How many of your plastic kitchen tools and other everyday items of convenience are free of Bisphenol-a (aka "BPA")?
As such, BPA free products have been gaining much popularity due to the release of evidence that BPA can lead to many health issues including reproductive health problems and several types of cancer.
However, is elimination of BPA really going to solve any of the most harrowing issues in relation to production of plastics and their long-term effects on the ecosystem in general?
Please take a moment to consider other important factors:
- What other potentially toxic and environmentally destructive chemicals may be lurking within the compounds of plastic, even after BPA has been eliminated from the manufacturing process? One company is going to trial over this matter, as others are sure to follow.
- Where will these products end up after they are no longer useful to us?
- Even when recycled, there are various barriers which prevent the vast majority of plastics from being reused indefinitely - Will they then be cast into the abyss of refuse?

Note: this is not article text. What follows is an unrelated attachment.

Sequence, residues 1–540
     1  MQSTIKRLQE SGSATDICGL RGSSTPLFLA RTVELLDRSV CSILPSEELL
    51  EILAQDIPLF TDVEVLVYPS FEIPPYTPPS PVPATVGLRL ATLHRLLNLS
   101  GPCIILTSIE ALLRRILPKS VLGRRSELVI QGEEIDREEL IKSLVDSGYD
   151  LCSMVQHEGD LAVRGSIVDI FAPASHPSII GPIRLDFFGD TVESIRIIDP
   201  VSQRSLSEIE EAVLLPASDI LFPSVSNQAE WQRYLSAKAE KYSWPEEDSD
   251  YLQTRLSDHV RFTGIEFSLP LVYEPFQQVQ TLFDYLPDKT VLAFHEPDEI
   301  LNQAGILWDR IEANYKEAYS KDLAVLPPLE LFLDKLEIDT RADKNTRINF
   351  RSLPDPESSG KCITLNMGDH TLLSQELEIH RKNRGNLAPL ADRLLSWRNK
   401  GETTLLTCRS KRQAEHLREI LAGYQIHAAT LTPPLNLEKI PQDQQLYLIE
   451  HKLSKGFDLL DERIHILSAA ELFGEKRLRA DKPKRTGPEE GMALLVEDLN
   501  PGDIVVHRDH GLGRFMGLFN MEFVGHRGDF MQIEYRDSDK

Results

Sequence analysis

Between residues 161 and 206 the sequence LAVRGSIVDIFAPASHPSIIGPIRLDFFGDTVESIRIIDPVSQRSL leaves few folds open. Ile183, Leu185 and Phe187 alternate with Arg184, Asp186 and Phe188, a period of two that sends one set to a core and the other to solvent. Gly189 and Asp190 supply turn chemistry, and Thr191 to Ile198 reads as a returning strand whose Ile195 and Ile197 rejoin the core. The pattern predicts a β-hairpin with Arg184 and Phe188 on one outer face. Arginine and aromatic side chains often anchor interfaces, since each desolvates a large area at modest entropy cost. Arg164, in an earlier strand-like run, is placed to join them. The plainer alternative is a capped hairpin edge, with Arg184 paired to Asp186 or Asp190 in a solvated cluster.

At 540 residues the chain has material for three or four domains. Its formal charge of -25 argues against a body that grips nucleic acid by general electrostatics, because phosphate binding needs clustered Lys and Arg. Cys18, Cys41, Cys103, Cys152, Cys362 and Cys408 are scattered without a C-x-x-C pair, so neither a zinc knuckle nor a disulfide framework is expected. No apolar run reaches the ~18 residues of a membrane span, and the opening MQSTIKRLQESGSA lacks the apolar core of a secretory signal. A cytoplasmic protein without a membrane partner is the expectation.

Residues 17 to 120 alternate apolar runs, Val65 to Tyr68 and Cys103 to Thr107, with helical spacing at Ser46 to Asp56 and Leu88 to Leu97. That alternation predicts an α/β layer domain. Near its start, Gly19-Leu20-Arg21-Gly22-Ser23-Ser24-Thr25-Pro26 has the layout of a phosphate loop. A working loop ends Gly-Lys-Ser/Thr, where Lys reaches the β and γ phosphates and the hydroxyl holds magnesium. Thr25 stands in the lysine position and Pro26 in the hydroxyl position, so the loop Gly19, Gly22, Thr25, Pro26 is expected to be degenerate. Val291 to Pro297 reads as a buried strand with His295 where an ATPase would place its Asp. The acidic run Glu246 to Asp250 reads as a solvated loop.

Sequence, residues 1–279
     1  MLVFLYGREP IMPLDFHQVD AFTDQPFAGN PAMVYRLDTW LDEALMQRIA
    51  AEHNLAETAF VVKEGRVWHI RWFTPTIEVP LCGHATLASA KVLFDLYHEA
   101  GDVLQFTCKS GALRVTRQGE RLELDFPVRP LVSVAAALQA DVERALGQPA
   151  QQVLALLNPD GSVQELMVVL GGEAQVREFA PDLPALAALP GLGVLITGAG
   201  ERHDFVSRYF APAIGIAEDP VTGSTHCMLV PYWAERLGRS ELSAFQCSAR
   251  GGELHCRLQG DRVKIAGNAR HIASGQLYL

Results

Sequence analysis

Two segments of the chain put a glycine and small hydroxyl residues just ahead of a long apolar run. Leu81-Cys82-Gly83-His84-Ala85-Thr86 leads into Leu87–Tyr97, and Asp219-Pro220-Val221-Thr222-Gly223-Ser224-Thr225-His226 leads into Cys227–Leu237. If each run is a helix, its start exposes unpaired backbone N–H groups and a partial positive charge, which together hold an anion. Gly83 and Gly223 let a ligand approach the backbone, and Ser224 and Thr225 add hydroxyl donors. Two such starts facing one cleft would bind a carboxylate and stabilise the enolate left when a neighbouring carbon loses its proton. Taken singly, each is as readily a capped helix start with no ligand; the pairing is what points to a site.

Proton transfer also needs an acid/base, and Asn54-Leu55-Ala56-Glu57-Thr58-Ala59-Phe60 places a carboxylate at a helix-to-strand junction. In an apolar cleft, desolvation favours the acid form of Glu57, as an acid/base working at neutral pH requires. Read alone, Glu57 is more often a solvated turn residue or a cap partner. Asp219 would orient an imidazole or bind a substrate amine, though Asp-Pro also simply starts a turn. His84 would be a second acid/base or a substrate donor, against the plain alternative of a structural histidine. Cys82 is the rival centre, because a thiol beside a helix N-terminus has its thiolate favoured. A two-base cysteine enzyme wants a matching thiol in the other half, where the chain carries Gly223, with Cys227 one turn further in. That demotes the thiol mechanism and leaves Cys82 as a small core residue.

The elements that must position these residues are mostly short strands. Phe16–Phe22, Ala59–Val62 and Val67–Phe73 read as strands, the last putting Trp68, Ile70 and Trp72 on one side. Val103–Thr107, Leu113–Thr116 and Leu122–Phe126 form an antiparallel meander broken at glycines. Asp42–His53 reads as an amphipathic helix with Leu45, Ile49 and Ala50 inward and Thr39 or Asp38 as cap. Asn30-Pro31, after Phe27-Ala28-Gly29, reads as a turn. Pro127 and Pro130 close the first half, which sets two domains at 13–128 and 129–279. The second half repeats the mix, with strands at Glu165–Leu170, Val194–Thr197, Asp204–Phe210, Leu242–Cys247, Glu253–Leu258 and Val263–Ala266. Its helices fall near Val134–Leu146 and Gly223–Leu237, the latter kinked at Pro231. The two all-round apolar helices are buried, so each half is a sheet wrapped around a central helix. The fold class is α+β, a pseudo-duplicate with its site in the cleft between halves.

- Most "biodegradable" & "compostable" plastic items widely available on the market at present are made from GM corn, which is also detrimental to biological & environmental health.
Consumers have the power to make positive changes to current systems, thus making things better for our environment and future generations. Please consider some of the numerous alternatives available for those of us who truly care enough to make responsible choices. Many alternatives could easily become mainstream (and very affordable to everyone) if enough consumers were to make demands for such.
- For kitchen use (and ongoing re-use), we recommend glass bottles/jars, storage containers, drinking straws, cutting boards, etc. in lieu of plastics. Silicone can also be used as a lightweight, non-breakable option for those of us who may be concerned about breakage.
- For commercial use, hemp & coconut packaging are readily available resources, and could easily be incorporated into production methods for many pre-packaged items and various everyday commodities.
Freedom of choice can be a marvellous thing, especially when those of us who excercise this freedom are willing to do so mindfully - and with care.
We thank you for having taken the time to read and acknowledge these imperatively vital issues, and ask that you please share this post widely.
- Care2 - "How Safe Are BPA-Free Plastics?"
- Science Daily - Plastic Bottles Release Potentially Harmful Chemicals After Contact With Hot Liquids
- MedicineNet - Plastic Types, Dangers of Bisphenol-A and Recycling Plastics
- Natural Society - Bottled Water Leeches 24,000 Chemicals into Your Body, Study Finds